Saurashtra onland part remained a stable horst block throughout the Tertiary with deposition of Tertiary sediments on the peripheral lows. On the other hand the shelf had good development of deltas (and other related clastic depositional environments like strand-plains), carbonate tidal flats and extensive carbonate ramps. The slope-basin regions formed the site for development of submarine fans, hemipelagic & pelagic deposits. Sites like the Laccadive Ridge became locations for good Carbonate build-ups (pinnacle reefs).


Generalized Statrigraphy :

Saurashtra Basin Stratigraphy The Saurashtra Basin is mainly a clastic basin and development of limestone is noticed over Saurashtra arch and other paleohighs. Limestone sequences of Eocene to Miocene age which attain considerable thickness over Mumbai platform are found to be shaling out in the Saurashtra depression. The tertiary sedimentary section is interrupted by several unconformities, the prominent ones being :

  1. Middle – Late Paleocene
  2. Early Eocene
  3. Middle Eocene
  4. Oligocene
  5. Early Miocene
  6. Middle Miocene


Brief description of rocks units in the Saurashtra Basin –

Mesozoics : Dharangdhara Formation –

Lithological Formation Formation consists of feldspathic, argillaceous sandstones with subordinate shales and clays. Coarse to fine grained, cross bedded, conglomeratic, pebbly, ferruginous, fining upwards sandstones. Shales occur as lenses with carbonaceous matter.
Sedimentary Environment Environment of deposition appears to be fluvio-deltaic. Presence of heavy minerals suggests a metamorphic provenance. Grain size analysis has indicated nearshore depositional conditions.
Extent & Thickness Exposed in the north-eastern part of Saurashtra Peninsula and is correlatable with Bhuj Formation of Kutch & Serau and Viramgam formations of the Cambay Basin. Estimated thickness is 488.0m from the exposed section. Different thicknesses have been estimated using various geophysical methods which indicates a general increase in the thickness towards west (from seismic data 500-1600m; gravity data suggests 1000-1500m; refraction data suggests 800m). In the well Dhanduka-1 this formation lies directly over the Precambrian Basement.
Age Lower Cretaceous
Fossil Content Pollens, spores, Ammodiscus sp., Gastropod shells, maglomidium indicum and Ptylophyleum sp. have been reported from this formation.

Mesozoics : Wadahawan Formation –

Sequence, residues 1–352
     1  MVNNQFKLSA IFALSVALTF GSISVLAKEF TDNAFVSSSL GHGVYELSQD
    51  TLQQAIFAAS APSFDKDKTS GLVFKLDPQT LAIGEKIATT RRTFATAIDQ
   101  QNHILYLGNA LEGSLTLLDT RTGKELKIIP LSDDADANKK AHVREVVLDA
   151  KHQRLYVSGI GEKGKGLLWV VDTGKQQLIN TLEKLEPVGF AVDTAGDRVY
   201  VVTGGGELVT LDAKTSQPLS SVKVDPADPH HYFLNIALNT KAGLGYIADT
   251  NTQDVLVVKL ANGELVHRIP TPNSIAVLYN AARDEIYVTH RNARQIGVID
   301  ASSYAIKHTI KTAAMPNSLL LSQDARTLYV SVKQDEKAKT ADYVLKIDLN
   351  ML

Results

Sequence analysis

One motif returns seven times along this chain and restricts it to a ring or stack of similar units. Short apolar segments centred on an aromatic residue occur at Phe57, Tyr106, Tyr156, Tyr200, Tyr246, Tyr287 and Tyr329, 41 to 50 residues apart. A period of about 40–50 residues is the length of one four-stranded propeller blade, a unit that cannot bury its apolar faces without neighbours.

Lithological Formation This formation is divided into 3 members. Lower member consists of brick red ferruginous, medium-fine grained, pebbly, moderately sorted sandstone with lenticular shales. Middle member consists of sandy shale with impure but fossiliferous limestone bands. The Upper Member consists of current bedded, pebbly, gritty Quartzose Sandstone.
Sedimentary Environment Fluvial overall, middle member represents a more or less littoral environment (marine tongue).
Extent & Thickness Exposed in the north-eastern part of Saurashtra Peninsula overlying Dharangdhara formation and is likely to be present westwards underneath the basalt cover. The contact between the two formations is gradational. Exposed section thickness is 45.0m.
Age Upper Cretaceous (?)
Fossil Content Pelecypods (Pecten sp.), Echinoids, Gastropods, Ammonite fragments, Bryozoa, Corraline fragments.

Mesozoics : Deccan Trap Volcanics –

Lithological Formation consists of alternating basaltic flows and intervening sedimentary deposition. The formation overlies Wadhwan Formation disconformably, and consists of effusive grey to dark grey and greenish grey to hard columnar basalts. At places vesicles filled with zeolite, quartz and calcite are present. Between different flows certain clastic beds of shales/clays, siltstones and sandstones occur locally as inter-trappean beds which are poorly fissile. Volcanic plugs present are also arranged in ENE-WSW direction.
Extent & Thickness Deccan volcanics are present over a large part of the Indian Peninsula itself. Totally covers the Saurastra Peninsula and is present throughout the western coast. Its thickness varies from a few hundred metres upto 2000m in the onland part. In the offshore its thickness is highly variable (as seen in the seismics) as no well has penetrated the volcanics fully in the offshore.